Americans are in fact people who left as said, their European lands for precise reasons, mainly religious in search for a new land, and a new life.

They didn't know that peace was just apparent and that new fights for their rights were waiting for them.
The creators of the Constitution wisely inserted this point, the freedom of dissent just in case, in the First Amendment.

Americans did all their best, rising their voices, using all medias and strategies for protesting against for what they cared the most.

The 1900s offered a myriad of reasons for protesting leaving alone here the other centuries. At the beginning of the century we can find women's rights movement.
Sorted out this problem, the 1960s will pass at the history as the decade of idealism, new hopes, dreams and expectations. A new wild wind of great ideas, human rights, peace, freedom was borning.

Let's see: John Fitzgerald Kennedy from Boston because the first Catholic American President.
He was assassinated in Dallas on Nov 22 1963 but his voice and his speech if you read them are still in grade to warm souls all around the world. He was a great visionary man.

New People fighting for the right of black citizens: Reverend Martin Luther King, Malcom X, the Black Panther movement.
Both these first two leaders would have been killed.
Martin Luther King in 1968 in a motel in Memphis, TN just some days before the assassination of the candidate of left Bobbie Kennedy, running for the Oval Office, and brother of the unforgettable John Fitzgerald Kennedy. It was after the assassination of JFK that people organized Selma and the central government started to take very seriously the cause of black people.

The USA are real fighters for  their rights and their ideas.

Later the opposition at the Vietnam War with anti-war movements and the creations of the hippies-season, and then gay rights, without to count the protests citizens clearly expressed for some Presidents seen like imperialists, during the first Gulf War, while the USA should have been a peaceful land in grade of helping other Nations in difficulty and not a place where wars started with great facility.

Cinema, theaters, photography, puppets, mural art, graffiti, art in general helped to spread the discontent of people. Andy Warhol publishing serially pictures of the same topic during the 1960s remarked in this way the obsessive consumerism and standardization of the Americans and their way of living.

The author has taken inspiration from the Tamiment Library located at New York University where there is a big collection of posters you will find in this book. All stunning, all created for a specific strong reason because Americans when decide to protest don't joke. They do that with great intensity.

The fights that they intended to win against the central government in a precise historical moment are lived strongly.
Women's rights, labor, civil protests, black conditions, feminism, Vietnam War, anti-war movements, these ones are citizens and real crusaders of ideas, human rights and mainly: fighters for their research of happiness. It passes also through the proper rights for everyone, for having peace and for staying in peace.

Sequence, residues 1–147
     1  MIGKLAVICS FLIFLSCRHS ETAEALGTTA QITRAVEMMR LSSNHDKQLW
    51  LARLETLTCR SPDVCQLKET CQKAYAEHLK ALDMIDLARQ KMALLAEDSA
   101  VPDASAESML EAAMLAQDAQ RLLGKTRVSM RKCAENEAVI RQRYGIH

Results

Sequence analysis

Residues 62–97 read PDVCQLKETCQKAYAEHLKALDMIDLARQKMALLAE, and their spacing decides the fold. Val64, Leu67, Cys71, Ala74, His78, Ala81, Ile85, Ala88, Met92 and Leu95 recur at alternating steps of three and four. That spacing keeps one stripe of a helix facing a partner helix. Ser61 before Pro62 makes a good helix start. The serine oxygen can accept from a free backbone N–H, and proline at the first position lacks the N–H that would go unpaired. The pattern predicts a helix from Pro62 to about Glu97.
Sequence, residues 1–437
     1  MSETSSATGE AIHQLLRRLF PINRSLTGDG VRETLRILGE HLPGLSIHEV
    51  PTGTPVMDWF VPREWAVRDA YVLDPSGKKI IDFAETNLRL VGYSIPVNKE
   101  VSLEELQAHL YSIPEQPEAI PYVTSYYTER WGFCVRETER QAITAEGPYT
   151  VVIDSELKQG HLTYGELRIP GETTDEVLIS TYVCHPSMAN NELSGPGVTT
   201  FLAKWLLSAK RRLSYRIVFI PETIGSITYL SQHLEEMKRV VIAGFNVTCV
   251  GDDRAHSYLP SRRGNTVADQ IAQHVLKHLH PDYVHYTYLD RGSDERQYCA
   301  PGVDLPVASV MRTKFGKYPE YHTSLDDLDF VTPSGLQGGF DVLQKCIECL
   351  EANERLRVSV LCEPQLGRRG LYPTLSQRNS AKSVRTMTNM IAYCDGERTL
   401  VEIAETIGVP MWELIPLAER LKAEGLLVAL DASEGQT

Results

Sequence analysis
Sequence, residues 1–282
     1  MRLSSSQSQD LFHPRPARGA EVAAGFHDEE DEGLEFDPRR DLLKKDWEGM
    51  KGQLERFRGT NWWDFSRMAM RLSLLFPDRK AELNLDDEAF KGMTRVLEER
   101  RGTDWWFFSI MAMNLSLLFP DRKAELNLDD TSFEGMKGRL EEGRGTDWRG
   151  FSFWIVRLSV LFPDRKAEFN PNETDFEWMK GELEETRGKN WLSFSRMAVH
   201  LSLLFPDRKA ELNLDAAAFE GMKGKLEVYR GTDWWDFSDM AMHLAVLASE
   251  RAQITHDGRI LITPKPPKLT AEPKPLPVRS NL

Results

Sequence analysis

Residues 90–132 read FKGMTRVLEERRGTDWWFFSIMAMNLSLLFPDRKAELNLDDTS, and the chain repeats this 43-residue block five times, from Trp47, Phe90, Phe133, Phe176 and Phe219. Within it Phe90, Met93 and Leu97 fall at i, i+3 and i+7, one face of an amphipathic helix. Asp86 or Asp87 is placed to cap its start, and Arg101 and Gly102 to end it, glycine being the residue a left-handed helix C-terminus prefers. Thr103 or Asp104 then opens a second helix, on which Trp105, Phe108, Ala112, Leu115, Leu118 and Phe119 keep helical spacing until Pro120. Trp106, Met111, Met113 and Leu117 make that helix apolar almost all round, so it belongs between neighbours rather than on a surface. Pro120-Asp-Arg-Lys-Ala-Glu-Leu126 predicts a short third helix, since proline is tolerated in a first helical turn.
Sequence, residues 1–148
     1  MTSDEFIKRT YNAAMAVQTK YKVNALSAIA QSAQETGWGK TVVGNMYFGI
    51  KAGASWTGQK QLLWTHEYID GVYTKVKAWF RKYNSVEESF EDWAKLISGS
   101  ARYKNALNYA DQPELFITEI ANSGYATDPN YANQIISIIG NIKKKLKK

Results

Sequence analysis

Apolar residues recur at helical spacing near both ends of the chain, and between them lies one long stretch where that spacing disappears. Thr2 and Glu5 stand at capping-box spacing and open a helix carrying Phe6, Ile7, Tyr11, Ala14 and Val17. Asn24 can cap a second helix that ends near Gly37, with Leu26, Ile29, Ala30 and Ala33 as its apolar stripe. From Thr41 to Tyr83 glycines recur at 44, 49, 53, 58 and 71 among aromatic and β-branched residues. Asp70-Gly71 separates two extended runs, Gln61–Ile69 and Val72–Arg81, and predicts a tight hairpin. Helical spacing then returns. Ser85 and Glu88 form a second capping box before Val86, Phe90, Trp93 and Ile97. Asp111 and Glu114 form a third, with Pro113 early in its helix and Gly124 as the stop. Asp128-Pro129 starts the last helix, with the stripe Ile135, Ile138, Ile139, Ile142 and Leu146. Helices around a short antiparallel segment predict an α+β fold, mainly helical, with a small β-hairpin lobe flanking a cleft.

Great book! Highly suggested to everyone. If your child doesn't understand history, it's very common, goes for this book, because it's very stimulating and because I want to hope that the revolutionary side ;-) in children and teenagers pretty developed. No one is insensitive at human rights and so following these decades and thanks to these posters, it will be very simple to create historical connections, and to discover how, facts, people, Presidents, associations tried their best for bettering this world or the opposite.

I thanks NYU Press for the physical copy of this stunning book!

Anna Maria Polidori

lunedì, ottobre 09, 2017

Happy Days of the Grump Everyone Knows a Grump by Tuomas Kyro

Happy Days of the Grump Everyone Knows a Grump by Tuomas Kyro is a book released this month by Bonnier Zaffre and it is, trust me, spectacularly beauty!
Funny, ironic,dense of considerations about death, life, existence as every book written by a Nordic - Finnish in this case - author is.

The book is written following the thoughts in first person of The Grump. An R-x of this society without too much compassion from the Grump born in the 1930s and unable to understand the abrupt changes of the society and its new rules and "guidelines."
The modern society read and seen through the eyes of The Grump.

I knew more than a grump. My dad was born in 1926 and he was a grump exactly like the protagonist of this book. The people of this generation more or less Kyro considers the ones born in 1930s are all part of one of the most enchanting generations to me.
They experienced Mondial War, they have been starved, they worked hard for re-building the country where they lived or live in, but although the hard life they suffered, misery, poverty, God I don't think I will meet anymore special people like these ones.
Generous, altruists, they donate themselves to the others genuinely, people in grade to share good feelings and sentiments with other ones. Real friendship, real connections, real character, without masks, they are people of peace because they experienced the sufferance of war and they knew what it meant to live in time of wars and in time of peace and appreciated and enjoyed peace so badly.
It's a contradiction in terms but although we were born in a best time, with more modernity, peace, with good houses where to staying we are different.
Our generations to me has lost the humanity of that people.
Well, not everyone.

Reading this book will mean also to understand the point of view of someone who had known a different system where the navigator was the mind, where Instagram meant a good walk enjoying the beauty of nature, where Facebook a real house with real friends and real chats.